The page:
By Allie Justis, Photos provided by Rejuvenate Austin and Ömürden Cengiz.
Dr. Jessica Wright encourages breast cancer survivors to be advocates in their own sexual wellness.
Breast cancer awareness month has come to an end. However, it’s still important to continue to be aware of the struggles that breast cancer survivors face. About 1 in every 8 women will get the disease in their lifetime.
One of the least talked about issues facing women who have gone through breast cancer is how all of the treatments often lead to the early onset of menopause, as well as long-term sexual dysfunction.
This is where Dr. Jessica Wright comes in. The owner and medical director at Rejuvenate Austin, she has been in the medical field since 2011. She knows just how important sexual wellness is to a woman’s confidence and self-worth.
“I think that when we talk about sexual wellness, a lot of times we often move over to talking about sexual dysfunction and loss of function in the sexual arena,” Wright says. “But it’s so important to keep in mind that to have true wellness as a human being, people do need sexual function. Sexual wellness is a very broad term that encompasses men and women, though admittedly I treat more women. It’s a new emerging field that everybody should consider and make a priority.”
Wright mentions the long-term effects of radiation on sexual function. How it can kick women when they’re already down in a sense.
“When you get radiation to your breasts, a lot of [the]time it can give you an asymmetrical appearance. As if it’s not already enough that you have skin changes and radiation, a lot of women will experience fatigue too,” Wright continues. “Then chemo can cause nausea, vomiting, hair loss and all the things we usually associate with chemo. So the treatment for breast cancer can really leave women feeling not sexy.”
Wright started her practice after having gone through her own struggles when she hit menopause at 40. As she went through her own experience, she saw the need for clinics based around sexual wellness.
“It was this big learning experience for me,” says Wright. “I’m actually thankful for all that struggle now. It got me to become interested in functional medicine, and then I started my next journey which I’m on now.”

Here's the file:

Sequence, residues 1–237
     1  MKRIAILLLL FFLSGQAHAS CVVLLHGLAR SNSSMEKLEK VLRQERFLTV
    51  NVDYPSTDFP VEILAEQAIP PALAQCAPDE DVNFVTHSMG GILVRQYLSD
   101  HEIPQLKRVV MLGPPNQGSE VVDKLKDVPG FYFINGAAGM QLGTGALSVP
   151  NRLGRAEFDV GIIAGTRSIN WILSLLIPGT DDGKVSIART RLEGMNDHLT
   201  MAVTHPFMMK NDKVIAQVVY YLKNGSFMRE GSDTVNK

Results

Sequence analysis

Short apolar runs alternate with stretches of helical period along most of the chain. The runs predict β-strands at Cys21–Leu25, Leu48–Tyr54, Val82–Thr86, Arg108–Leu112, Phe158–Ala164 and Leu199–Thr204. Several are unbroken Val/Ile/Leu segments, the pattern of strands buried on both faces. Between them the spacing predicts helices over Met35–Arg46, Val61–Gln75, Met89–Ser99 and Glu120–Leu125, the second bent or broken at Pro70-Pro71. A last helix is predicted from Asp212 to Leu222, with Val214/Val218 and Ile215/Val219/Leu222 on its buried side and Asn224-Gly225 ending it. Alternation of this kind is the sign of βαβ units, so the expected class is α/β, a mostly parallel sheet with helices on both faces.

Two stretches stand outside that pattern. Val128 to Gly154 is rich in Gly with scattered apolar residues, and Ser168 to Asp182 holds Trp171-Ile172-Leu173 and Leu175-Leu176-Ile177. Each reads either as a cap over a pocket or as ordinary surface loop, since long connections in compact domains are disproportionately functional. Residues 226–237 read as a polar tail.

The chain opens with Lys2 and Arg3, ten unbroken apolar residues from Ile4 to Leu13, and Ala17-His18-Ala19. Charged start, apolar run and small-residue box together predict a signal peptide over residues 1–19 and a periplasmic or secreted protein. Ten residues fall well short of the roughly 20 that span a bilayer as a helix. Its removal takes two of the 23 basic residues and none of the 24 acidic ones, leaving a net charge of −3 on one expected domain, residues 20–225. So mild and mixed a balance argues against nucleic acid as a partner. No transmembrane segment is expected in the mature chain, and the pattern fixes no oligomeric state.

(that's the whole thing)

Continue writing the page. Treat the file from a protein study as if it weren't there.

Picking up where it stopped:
Wright is almost finished with a fellowship in functional medicine, for which she will be board certified by the summer of 2021.
While breast cancer survivors cannot have every treatment that Wright offers in her practice for safety reasons, she still offers the O-shot and the Juliet Laser as two legitimate options for vaginal rejuvenation. Wright usually combines the two treatments for the best possible outcome for her patients.
Wright also brought up the point that for many breast cancer survivors, a doctor’s office can be a traumatic place. This is why she has endeavored to make her practice feel as comfortable as possible.
“We are a doctor’s office and we function like a doctor’s office. But it feels like a spa here. We do our best to make patients feel very comfortable,” says Wright. “Women put their personal health on the back burner a lot. I think that even a little investment in yourself can have far reaching effects.”
Wright doesn’t believe in the idea of predatory sales-based medicine and wants to create a safe environment for her patients. “We’re very upfront with our expectations, what the cost is going to be moving forward and possible maintenance,” Wright says. “There’s really no commitment in the first meetings. None of my providers are ‘hard sales’-type girls, and I’m not either.
“I’m just here to educate you,” Wright continues. “Come in and tell me what your insecurities are. Tell me what issues you’re having with your skin, body, wellness, and I will give you my best opinion with no pushy sales tactics.”
Wright wants women’s personal wellness to come back to the top of the priority list. She says that the best way to do so is to be an advocate for your own health.
“My patient isn’t living her best life if her sexual wellness isn’t addressed,” says Wright. “I think it’s good for women to know that these options are out there, because I think it is a very personal decision to get these treatments. It is up to the patient to go seek out this treatment because no one is going to tell you if you don’t ask. “Patients have to sit down and think, ‘Okay, how am I going to take care of myself moving forward?’” says Wright. “It’s easy to not make sexual wellness a priority. Women are programmed socially to put themselves dead last. But you can’t take care of other people until you take care of yourself first. It’s time to invest back in you.”